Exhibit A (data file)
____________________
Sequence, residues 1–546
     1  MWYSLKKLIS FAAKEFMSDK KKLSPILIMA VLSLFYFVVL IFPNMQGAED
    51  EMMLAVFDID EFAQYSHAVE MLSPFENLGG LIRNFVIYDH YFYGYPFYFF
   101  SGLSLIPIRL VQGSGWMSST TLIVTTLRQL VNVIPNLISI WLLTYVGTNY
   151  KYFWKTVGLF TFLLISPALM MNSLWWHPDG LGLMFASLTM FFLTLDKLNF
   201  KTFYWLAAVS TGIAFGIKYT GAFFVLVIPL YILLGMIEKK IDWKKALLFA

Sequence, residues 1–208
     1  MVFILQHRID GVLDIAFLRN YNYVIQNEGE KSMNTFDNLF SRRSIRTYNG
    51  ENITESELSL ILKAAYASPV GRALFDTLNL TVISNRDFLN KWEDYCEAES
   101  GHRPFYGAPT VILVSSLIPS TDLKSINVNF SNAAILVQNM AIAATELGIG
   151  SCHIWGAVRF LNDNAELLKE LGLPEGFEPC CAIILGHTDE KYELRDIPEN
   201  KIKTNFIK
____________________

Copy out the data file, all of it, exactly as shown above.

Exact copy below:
Sequence, residues 1–546
     1  MWYSLKKLIS FAAKEFMSDK KKLSPILIMA VLSLFYFVVL IFPNMQGAED
    51  EMMLAVFDID EFAQYSHAVE MLSPFENLGG LIRNFVIYDH YFYGYPFYFF
   101  SGLSLIPIRL VQGSGWMSST TLIVTTLRQL VNVIPNLISI WLLTYVGTNY
   151  KYFWKTVGLF TFLLISPALM MNSLWWHPDG LGLMFASLTM FFLTLDKLNF
   201  KTFYWLAAVS TGIAFGIKYT GAFFVLVIPL YILLGMIEKK IDWKKALLFA

Sequence, residues 1–208
     1  MVFILQHRID GVLDIAFLRN YNYVIQNEGE KSMNTFDNLF SRRSIRTYNG
    51  ENITESELSL ILKAAYASPV GRALFDTLNL TVISNRDFLN KWEDYCEAES
   101  GHRPFYGAPT VILVSSLIPS TDLKSINVNF SNAAILVQNM AIAATELGIG
   151  SCHIWGAVRF LNDNAELLKE LGLPEGFEPC CAIILGHTDE KYELRDIPEN
   201  KIKTNFIK